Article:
While the reimbursement system in Europe is different from that of the US, the kind of traditional one-price model is you price it the same around the world and then ensure access through free drug or patient assitance programs for patients who can’t afford access otherwise.  Most orphan drug players out there charge orphan drug prices, but there are also robust patient access programs that go along with it.

3. Build dialogue in times of calm, for communication in times of trouble.

Aligning expectations is an ongoing process. Differing priorities and timelines between the drug developer and patients are an issue as well, as drug development never goes as fast as you need it to, and tomorrow is never soon enough. That being said, there are formal boxes you need to check in terms of the fundamental drug development process.


imageSpecial thanks go to Wendy Wolfson who conducted the interview on behalf of Total Orphan Drugs.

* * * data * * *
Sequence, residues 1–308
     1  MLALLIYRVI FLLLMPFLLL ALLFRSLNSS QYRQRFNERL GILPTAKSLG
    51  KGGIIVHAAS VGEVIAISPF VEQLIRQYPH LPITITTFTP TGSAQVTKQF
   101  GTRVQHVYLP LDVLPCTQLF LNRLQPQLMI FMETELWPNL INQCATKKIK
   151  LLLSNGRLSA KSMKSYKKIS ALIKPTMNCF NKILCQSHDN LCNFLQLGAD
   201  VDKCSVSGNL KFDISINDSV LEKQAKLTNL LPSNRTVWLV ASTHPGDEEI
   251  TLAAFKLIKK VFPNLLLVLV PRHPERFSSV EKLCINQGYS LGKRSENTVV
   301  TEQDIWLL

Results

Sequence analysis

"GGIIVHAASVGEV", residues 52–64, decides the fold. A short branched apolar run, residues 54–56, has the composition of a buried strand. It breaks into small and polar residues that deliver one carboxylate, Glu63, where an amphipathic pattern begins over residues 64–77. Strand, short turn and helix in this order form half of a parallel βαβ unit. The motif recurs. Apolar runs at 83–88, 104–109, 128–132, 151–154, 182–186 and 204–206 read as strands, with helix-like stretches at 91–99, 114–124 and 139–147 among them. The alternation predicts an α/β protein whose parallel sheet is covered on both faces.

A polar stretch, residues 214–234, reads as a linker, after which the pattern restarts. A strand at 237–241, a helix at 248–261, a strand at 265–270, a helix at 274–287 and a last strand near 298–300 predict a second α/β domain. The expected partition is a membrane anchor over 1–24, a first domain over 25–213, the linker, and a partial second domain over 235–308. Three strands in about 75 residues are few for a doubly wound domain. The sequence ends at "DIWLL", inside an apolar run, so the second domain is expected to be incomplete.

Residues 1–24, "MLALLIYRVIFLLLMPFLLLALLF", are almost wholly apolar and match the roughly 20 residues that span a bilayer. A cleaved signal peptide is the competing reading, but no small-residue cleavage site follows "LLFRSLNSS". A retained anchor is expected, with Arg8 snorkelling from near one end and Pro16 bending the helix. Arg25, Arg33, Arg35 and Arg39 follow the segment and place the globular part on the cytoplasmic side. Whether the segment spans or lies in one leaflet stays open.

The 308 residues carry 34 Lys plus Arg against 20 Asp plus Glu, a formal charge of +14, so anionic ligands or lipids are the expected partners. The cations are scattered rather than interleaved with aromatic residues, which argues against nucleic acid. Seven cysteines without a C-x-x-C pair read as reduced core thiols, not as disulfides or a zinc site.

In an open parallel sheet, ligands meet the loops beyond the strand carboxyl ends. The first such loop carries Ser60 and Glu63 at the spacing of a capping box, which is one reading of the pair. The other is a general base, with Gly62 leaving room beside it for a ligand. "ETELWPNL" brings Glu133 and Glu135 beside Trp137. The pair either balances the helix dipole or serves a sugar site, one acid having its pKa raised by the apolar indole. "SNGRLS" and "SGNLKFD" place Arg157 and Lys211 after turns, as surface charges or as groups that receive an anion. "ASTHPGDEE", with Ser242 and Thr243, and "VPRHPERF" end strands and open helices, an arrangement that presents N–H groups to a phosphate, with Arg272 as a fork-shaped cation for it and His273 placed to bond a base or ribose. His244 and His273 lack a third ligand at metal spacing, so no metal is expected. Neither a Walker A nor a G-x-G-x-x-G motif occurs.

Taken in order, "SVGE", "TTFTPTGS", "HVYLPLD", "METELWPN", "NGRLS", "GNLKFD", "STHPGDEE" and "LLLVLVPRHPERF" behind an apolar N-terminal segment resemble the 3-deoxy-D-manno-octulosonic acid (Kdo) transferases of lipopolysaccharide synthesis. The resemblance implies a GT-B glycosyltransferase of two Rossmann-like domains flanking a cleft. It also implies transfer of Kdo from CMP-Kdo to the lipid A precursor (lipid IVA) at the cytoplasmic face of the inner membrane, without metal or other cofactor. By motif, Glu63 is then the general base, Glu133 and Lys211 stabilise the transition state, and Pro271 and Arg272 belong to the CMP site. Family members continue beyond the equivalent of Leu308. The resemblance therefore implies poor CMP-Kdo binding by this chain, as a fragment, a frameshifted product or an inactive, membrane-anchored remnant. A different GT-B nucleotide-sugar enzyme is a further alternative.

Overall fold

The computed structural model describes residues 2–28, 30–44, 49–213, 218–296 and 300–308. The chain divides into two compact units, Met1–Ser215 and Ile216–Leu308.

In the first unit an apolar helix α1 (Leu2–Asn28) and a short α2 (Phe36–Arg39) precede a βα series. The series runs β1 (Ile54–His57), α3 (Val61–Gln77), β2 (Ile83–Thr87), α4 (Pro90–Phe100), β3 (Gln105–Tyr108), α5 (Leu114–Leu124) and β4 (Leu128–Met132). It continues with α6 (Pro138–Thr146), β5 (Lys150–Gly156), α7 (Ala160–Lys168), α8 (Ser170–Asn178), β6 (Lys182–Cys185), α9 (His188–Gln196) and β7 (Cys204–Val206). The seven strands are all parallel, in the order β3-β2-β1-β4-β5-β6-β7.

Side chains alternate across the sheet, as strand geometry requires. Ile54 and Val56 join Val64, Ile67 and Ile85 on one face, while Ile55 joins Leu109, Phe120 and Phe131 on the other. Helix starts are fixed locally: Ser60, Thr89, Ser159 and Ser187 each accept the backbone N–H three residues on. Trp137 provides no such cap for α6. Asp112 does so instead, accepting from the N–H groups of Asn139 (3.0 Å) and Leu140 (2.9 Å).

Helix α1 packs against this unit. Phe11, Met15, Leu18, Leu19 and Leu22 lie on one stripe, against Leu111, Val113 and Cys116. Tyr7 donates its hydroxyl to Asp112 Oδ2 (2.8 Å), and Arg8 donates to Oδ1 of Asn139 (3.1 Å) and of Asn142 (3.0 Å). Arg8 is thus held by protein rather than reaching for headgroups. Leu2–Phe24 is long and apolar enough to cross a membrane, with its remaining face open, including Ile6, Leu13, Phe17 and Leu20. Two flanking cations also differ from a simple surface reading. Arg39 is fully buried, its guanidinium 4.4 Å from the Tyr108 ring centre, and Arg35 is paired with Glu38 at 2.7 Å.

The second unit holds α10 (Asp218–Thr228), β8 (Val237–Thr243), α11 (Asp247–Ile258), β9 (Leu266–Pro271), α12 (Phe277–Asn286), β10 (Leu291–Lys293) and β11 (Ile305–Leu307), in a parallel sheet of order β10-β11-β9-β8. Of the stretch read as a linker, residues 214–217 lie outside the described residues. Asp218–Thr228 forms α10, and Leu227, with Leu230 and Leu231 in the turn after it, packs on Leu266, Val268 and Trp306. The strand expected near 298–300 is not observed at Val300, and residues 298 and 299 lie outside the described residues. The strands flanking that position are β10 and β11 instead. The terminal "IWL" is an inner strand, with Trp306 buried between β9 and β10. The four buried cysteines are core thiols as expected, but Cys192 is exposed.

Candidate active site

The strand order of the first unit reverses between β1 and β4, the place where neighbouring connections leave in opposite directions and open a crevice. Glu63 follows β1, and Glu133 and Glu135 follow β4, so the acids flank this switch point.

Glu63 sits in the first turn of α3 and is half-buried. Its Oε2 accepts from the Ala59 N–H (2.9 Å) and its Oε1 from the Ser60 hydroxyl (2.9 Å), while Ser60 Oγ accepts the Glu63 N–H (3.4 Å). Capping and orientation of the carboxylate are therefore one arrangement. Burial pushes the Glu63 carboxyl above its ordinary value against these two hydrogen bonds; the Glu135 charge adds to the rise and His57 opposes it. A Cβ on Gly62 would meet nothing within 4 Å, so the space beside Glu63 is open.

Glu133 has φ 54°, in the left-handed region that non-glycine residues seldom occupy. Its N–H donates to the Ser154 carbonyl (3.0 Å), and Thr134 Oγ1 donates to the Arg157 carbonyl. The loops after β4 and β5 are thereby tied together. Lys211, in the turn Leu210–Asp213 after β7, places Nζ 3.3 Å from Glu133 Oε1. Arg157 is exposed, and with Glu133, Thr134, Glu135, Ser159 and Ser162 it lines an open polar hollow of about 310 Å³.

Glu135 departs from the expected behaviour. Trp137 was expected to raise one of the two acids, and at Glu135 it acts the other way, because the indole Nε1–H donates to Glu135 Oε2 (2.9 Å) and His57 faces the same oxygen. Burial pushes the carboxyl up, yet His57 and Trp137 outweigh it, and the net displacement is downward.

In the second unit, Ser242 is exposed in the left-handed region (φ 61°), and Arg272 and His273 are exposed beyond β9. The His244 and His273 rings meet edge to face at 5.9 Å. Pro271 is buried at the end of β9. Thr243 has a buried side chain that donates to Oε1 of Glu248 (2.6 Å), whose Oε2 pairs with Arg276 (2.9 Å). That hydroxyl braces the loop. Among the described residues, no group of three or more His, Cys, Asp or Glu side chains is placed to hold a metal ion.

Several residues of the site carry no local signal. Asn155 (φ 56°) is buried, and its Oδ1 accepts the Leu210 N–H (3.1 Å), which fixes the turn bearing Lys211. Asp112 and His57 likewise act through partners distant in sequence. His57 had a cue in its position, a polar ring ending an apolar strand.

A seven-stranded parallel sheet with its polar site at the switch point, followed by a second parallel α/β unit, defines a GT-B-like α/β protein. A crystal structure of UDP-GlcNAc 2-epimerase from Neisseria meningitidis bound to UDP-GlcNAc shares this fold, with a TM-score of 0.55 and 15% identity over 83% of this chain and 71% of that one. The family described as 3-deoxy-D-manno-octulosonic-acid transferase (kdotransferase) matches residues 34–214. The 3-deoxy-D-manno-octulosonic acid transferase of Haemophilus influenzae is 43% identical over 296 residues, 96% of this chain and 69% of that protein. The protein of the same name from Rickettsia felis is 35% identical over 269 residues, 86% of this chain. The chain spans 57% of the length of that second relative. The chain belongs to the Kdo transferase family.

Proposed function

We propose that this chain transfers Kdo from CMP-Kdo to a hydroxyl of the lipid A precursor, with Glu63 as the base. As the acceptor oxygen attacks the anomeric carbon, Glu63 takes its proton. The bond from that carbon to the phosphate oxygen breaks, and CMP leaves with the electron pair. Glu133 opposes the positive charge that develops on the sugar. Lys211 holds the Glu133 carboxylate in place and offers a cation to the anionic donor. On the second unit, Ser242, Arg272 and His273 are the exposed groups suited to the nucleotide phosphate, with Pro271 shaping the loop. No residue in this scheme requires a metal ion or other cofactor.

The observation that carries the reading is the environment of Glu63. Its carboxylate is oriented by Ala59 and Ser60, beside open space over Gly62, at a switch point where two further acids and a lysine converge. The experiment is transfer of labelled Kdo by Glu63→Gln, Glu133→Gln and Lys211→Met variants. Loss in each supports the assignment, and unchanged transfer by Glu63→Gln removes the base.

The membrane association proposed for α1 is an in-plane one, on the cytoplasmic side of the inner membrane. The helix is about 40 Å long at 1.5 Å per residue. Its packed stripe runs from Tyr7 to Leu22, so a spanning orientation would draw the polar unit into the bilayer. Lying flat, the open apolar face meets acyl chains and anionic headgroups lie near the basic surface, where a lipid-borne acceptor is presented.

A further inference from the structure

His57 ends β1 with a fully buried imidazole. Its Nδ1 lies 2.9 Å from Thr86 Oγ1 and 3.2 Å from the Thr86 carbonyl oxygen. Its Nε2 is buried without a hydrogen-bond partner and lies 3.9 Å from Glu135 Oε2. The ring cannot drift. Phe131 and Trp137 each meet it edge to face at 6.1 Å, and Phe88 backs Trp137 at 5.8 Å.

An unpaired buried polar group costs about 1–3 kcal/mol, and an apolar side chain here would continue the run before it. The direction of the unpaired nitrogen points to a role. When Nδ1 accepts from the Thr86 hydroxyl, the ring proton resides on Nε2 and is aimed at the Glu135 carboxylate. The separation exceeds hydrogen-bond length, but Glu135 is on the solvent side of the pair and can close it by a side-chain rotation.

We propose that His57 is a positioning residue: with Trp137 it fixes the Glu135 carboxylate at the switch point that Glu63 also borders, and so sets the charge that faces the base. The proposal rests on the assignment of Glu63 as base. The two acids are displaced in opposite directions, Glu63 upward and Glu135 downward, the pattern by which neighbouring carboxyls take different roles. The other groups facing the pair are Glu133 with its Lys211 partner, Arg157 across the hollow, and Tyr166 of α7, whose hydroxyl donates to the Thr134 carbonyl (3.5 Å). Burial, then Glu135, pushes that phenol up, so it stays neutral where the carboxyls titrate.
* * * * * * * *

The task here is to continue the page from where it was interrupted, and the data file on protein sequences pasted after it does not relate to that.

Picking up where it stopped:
Wendy Wolfson covers innovations at the intersection of medicine, science and healthcare as a columnist for Chemistry & Biology, a publication of Cell Press. She has contributed to magazines including Science, Nature Biotechnology, the Lancet, and Red Herring. Her work can be found at and she can be contacted at


Read more interviews in this orphan drug series
Partnering from the pharma perspective
How to deliver value to patients
Perspective from patient advocates in Sweden
Interview: Surmounting barriers to patient access
Unique opportunities to develop cures for orphan diseases in the Middle East shouldn’t be overlooked
Where do the current and future challenges lie in bringing new orphan drugs to market?
Bringing Biotech Spirit to a Non-Profit Environment
Paving the way for a whole new medical paradigm
Tailoring your reimbursement strategy, step by step, country by country
An Interview With Pfizer on the Orphan Drug Industry: Part I
An Interview With Pfizer on the Orphan Drug Industry: Part II
An Interview with the Chair of the IRDiRC
An Interview with an Orphan Drug Payer